I am trying to prove that we cannot use the definition of the Riemann integral as

$$ \int_{a}^{b} f(x) dx = \lim_{n \rightarrow \infty} S_n $$ using the Dirichlet function. I don't know if my reasoning makes sense when I say we cannot use it as the definition because the values are not unique:

By the definition of the Riemann integral, we know that the Riemann integral $A = \int_{a}^{b} f(x) dx$ is unique for all functions $f$ and for all intervals $[a,b]$ s.t. $a,b, \in \mathbb{R}$. If we are to assume $\lim_{n \rightarrow \infty} S_n = \int_{a}^{b} f(x) dx$, $\lim_{n \rightarrow \infty} S_n$ must also be unique for all functions $f$ and for all intervals $[a,b]$ s.t. $a,b \in \mathbb{R}$.

Consider the function $f:[0,1] \rightarrow \mathbb{R}$ f(x) = \begin{cases} 1, & \text{if $x$ is rational} \\ 0, & \text{if $x$ is irrational} \end{cases} defined on the interval $[0,1]$. We know that for any partition $0 = x_0<x_1<x_2<x_3<....<x_N = 1$ of $[0,1]$, we can either choose the $x'_i$s to be either all rational, or all not, in which case the Riemann sums are respectively $1-0 =1$ or 0.As the condition holds for any partition, we have two values for $ \lim_{n \rightarrow \infty } S_n $ if we let the number of divisions $N \rightarrow \infty$ and the width $d \rightarrow 0$. Therefore we see that although the Riemann integral $A$ has to be unique, the limit of the Riemann sum $\lim_{n \rightarrow \infty} S_n$ can have two values, depending on the intervals. Therefore the equality $\int_{a}^{b} f(x) dx = \lim_{n \rightarrow \infty} S_n$ does not hold for all functions and intervals.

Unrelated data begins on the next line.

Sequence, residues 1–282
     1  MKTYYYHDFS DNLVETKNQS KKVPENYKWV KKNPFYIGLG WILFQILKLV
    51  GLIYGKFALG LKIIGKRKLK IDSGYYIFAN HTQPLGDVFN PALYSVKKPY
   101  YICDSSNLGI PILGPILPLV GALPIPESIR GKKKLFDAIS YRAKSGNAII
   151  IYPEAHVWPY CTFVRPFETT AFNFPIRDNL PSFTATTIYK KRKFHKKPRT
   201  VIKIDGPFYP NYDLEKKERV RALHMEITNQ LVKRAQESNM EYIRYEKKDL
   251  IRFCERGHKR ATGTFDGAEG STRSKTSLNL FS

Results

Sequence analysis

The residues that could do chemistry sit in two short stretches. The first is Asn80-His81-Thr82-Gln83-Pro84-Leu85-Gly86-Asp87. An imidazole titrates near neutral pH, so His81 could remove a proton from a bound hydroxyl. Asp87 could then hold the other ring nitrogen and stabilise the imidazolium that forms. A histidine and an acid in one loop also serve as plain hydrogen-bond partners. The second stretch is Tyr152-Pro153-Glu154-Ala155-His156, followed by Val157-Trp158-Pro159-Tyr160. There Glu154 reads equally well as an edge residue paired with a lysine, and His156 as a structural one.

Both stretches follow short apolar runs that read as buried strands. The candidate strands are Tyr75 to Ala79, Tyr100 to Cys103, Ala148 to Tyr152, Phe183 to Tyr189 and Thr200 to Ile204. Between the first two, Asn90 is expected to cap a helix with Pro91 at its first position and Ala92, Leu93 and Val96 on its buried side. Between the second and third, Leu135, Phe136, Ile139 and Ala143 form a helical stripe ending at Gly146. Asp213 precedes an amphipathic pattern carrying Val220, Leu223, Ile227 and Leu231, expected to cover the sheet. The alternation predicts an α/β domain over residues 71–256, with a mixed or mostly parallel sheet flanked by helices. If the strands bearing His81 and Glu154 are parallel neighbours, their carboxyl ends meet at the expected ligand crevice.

Your computations are all OK, but the problem is in your definitions. It is as if you believe that any function is integrable and you take precisely the well known function which is not integrable and you claim that there is a problem in the definition of the integral!

You should know that f is said to be integrable (in the Riemann sense) if the limit of all the possible $S_{n}$ are exist and are the same value I, in this case we can state two things: the function f is integrable in the Riemann sense AND the value of its integral is that common limit I. So if there are at least two possible $S_{n}$ such that their limits exist and are not the same so this means that the function is not integrable. (Your reasoning would be true, if it is true that "any function is integrable and its integral it a unique value" but it is not the case!) There any many other kinds of integration (beside that of Riemann) one reason of their existence is that not all functions are integrable with respect to only one kind of integration.


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